Cl I ow you choose to utilize the information in this book depends on your A ^business model and your style of photography. Every successful photographer has a formula for success. Pick and choose what works for you and where you envision the growth of your company.
By embracing fashion flair (or whatever you choose to call it), you can expand your creativity and target a more exclusive, high-end clientele. That enables you to focus your efforts on big, expressive projects. To accomplish this, you must focus on marketing to the right audience and conveying your brand clearly.
When I teach marketing, I urge photographers to break it down into three questions:
■ What do you want to say? What are the main attributes of yourself, your business, and your photography that you want to convey? What is your central message in one sentence? I suggest that you write it out to come to a concise and powerful summary of what you need to convey through your marketing and advertising.
■ Who do you want to say it to? Who is your target audience? You may need to segment this into three or four groups. Get as specific as you can so that you can more directly target this audience and have marketing and advertising that are effective for each group.
For example, one audience may be engaged women and couples living in my market in a certain income bracket with creative, artistic tastes.
Another audience might be high school seniors attending exclusive private and public schools who have a desire for exclusive treatment.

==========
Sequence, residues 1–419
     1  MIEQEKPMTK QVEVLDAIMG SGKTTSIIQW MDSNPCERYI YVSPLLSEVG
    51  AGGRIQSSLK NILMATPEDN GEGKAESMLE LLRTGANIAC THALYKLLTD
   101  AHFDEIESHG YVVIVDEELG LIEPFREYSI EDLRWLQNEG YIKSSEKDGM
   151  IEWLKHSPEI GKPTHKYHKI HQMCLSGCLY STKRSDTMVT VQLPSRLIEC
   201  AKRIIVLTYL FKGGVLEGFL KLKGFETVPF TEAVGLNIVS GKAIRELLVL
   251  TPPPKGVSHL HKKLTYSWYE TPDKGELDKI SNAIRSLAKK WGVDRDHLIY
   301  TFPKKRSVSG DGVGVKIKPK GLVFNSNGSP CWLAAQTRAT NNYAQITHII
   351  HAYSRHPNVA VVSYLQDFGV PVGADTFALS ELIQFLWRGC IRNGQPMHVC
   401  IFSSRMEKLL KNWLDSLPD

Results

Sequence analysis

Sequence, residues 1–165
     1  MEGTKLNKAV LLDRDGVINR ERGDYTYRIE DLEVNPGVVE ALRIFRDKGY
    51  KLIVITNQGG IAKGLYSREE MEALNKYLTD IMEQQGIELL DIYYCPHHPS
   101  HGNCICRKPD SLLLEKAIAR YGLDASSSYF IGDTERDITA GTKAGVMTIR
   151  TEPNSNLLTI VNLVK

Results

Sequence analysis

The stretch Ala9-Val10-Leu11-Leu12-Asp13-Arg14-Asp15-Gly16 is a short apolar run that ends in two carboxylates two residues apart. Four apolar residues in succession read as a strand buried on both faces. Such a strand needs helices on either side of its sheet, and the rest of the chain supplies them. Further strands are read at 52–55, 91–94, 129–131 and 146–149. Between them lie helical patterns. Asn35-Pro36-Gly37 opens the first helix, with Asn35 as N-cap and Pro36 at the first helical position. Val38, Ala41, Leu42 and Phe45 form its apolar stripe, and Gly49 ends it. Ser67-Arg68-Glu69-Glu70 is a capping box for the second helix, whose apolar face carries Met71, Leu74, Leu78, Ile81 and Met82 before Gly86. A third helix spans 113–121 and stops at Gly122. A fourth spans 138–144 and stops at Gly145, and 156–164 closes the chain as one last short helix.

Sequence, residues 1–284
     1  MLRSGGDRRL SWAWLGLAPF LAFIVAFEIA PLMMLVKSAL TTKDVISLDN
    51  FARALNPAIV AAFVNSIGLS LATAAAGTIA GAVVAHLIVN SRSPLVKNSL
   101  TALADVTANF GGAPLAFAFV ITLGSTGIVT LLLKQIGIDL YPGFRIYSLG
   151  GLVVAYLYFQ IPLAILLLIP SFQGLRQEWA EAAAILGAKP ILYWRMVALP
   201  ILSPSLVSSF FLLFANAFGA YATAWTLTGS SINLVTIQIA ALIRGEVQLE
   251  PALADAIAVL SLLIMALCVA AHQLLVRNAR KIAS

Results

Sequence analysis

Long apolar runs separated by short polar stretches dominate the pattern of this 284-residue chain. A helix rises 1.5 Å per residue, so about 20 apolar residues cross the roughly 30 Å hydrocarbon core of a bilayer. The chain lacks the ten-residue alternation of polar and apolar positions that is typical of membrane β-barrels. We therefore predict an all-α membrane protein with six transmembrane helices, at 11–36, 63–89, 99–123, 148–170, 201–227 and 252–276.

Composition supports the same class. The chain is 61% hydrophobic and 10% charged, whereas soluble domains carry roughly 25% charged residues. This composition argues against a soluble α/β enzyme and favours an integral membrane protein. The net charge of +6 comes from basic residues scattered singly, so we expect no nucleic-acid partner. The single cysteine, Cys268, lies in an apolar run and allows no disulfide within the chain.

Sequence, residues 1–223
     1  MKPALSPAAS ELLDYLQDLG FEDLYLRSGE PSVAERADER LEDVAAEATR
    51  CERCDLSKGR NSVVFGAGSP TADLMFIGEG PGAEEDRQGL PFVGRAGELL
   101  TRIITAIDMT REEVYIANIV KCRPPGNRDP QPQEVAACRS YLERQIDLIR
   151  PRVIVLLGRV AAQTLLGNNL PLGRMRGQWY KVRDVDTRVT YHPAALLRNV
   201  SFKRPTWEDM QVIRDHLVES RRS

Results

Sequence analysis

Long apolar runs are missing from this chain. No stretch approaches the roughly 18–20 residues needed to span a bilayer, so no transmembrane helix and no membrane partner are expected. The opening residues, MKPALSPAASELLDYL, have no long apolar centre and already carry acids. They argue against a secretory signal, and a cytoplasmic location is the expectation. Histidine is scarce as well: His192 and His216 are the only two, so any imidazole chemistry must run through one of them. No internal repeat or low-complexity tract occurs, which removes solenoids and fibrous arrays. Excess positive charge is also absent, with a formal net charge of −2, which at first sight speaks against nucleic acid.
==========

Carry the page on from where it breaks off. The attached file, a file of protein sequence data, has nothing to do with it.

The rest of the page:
■ How and where can you get their attention? Once you've segmented your audience, where can you get the attention of these individuals? Do they read certain publications or listen to certain radio stations? What social networks are they most active on? Whose opinions do they most respect and admire?
Answering these three questions can give you an idea of where to start your marketing efforts and what message you need to communicate.
Your services as a fashion flair photographer should look and feel exclusive. I like to convey the feeling that I am a busy, high-end fashion photographer who offers limited portrait and weddings sessions to a few lucky clients.
In an ideal situation, your services should feel exclusive as well. Although your business can be extremely accommodating and focus on client comfort, it can also feel like a privilege to be at your studio for a fashion flair session. You don't need to create an air of snobbishness to have an air of exclusivity.
The exclusivity should be reflected in your prices, your products and packages, and the quality of your work.
If you are just starting a studio, your business, or photography in general, you can take a more subtle approach. Convey that, when clients come to you, they get to star in their own fashion shoot. You don't just take a portrait; you create and capture an experience. Each client can live out a gorgeous fantasy through your images—and this is an experience and product they cannot get elsewhere. Emphasize that you take a unique and artistic approach to imagery that is exclusive to your studio.
Even without large fashion flair productions, you should emphasize the one-of-a-kind nature of your imagery. You want people to come to you because you are not average or ordinary; you are extraordinary.
Price determination is one of the most common questions I get from fellow photographers and photography students: "How do you set your prices, and how should I set mine?" Unfortunately, there is no right answer.
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